US plans for failed states

The recent crisis in Kenya, a key ally of the United States, almost caused the disintegration of the country. Tension remains and there’s a real possibility of the country joining the ranks of failed states.

Secretary of State, Condoleezza Rice

Secretary of State, Condoleezza Rice

Failed states are ideal breeding grounds for terrorists and drug traffickers, and the US, has been mulling over how to deal with such situations. “Today, it is clear that managing the problems of state failure and ungoverned spaces will be a feature of U.S. foreign policy for the foreseeable future: whether we like it or not,” admits Secretary of State, Condoleezza Rice.

“Supporting leaders and citizens who seek to rebuild after conflict, to strengthen their state institutions, or at times even to build new institutions of governance … is a mission that requires the integration of security, diplomacy, and development.” Rice was speaking during the launch of the Civilian Response Corps in Washington D.C.

The Civilian Response Corps (CRC) will consist of federal employees that are trained and equipped to deploy rapidly to countries in crisis or emerging from conflict. Their work will be to provide reconstruction and stabilization assistance. CRC will be composed of diplomats, development specialists, public health officials, law enforcement and corrections officers, engineers, economists, lawyers, public administrators, agronomists and other professionals.

The US experience in Iraq demonstrated that the military alone cannot reconstruct a state. CRC is designed to offer the full range of civilian skills needed to help fragile states restore stability and the rule of law, and achieve economic recovery and sustainable growth as quickly as possible.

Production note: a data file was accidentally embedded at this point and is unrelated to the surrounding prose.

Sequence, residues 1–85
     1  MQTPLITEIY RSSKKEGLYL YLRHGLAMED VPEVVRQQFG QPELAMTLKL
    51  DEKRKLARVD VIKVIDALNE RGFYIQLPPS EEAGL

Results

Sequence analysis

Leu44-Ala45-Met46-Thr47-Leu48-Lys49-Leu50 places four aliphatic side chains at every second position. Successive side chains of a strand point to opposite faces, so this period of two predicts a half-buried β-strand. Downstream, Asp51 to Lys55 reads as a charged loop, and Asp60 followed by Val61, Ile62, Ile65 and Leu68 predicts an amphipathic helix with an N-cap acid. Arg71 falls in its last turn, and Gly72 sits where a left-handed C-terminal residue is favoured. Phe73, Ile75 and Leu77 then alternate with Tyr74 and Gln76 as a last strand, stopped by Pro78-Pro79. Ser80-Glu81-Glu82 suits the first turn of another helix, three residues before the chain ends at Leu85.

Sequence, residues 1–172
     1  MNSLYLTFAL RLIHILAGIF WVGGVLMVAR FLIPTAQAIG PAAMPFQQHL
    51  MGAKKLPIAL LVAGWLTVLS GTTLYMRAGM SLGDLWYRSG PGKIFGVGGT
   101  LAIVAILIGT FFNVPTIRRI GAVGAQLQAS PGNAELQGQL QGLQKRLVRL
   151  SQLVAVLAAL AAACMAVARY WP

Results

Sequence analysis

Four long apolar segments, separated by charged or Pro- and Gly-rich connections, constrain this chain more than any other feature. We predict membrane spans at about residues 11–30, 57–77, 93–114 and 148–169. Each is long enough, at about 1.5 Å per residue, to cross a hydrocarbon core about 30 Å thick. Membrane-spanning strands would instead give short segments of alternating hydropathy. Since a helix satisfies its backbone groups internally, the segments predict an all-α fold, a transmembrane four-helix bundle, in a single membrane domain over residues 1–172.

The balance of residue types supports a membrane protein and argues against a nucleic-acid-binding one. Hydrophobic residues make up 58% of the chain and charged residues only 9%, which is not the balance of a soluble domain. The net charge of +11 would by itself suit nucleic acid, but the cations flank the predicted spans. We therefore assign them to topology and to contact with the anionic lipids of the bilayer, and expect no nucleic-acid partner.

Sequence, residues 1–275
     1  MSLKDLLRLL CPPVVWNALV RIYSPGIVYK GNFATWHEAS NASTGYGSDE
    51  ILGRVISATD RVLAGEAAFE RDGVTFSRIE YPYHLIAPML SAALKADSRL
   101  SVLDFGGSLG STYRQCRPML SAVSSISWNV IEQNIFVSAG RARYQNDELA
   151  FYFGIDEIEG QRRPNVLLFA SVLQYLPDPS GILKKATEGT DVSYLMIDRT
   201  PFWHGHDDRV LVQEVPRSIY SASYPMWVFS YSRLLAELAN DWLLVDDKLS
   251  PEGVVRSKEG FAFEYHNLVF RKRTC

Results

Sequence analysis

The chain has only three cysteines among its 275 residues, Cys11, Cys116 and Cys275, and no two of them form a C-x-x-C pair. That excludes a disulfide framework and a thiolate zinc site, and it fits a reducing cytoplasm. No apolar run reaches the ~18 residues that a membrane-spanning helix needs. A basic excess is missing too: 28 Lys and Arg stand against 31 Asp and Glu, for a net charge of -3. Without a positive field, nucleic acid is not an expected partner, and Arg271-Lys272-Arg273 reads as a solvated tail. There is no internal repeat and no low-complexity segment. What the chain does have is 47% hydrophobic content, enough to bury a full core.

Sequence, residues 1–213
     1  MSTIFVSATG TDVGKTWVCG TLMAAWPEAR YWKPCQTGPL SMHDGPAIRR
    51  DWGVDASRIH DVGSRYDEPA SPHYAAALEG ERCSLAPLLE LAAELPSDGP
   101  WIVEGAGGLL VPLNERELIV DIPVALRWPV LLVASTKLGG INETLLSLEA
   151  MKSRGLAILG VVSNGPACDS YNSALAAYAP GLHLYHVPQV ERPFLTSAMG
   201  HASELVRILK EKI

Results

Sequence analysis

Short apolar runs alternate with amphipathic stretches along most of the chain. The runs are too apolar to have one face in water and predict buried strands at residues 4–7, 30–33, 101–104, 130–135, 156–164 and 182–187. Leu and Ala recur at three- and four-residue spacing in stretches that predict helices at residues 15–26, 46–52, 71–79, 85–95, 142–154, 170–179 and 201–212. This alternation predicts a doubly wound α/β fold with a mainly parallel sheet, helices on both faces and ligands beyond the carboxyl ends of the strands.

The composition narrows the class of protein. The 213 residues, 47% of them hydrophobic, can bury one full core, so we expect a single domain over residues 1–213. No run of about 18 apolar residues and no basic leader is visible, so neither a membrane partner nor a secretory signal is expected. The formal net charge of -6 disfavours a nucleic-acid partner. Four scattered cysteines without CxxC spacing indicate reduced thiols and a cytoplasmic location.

According to Rice, the US Congress has already appropriated funding in the 2008 Supplemental budget that will enable the State Department to begin setting up the Civilian Response Corps.

The Civilian Response Corps is a partnership of the Department of State, the U.S. Agency for International Development (USAID), and the Departments of Agriculture, Commerce, Health and Human Services, Homeland Security, Justice, and Treasury.

“Ultimately, our goal is to enable countries in crisis to transition as quickly as possible to governing themselves, sustaining themselves, and securing themselves without U.S. or international assistance,” explained Dr. Rice.


One Response

  1. I call that indirect meddling, Such initiatives have have put the US government in trouble before. Kenya is by no way a failed state…Show me a country one that the US has helped in Africa and has been able to succeed, They helped Mobutu to stay in power and he in turn looted his own treasury,
    They initially refused to impose sanctions in South Africa and thus helped propagate apartheid until an international outcry forced them to change course ,
    The US has refused to pay compensation for East African Bombing victims and compensated it,s own citizens, in an obvious double standard.
    The US is just determined to protect it,s own interests in the name of fighting terror

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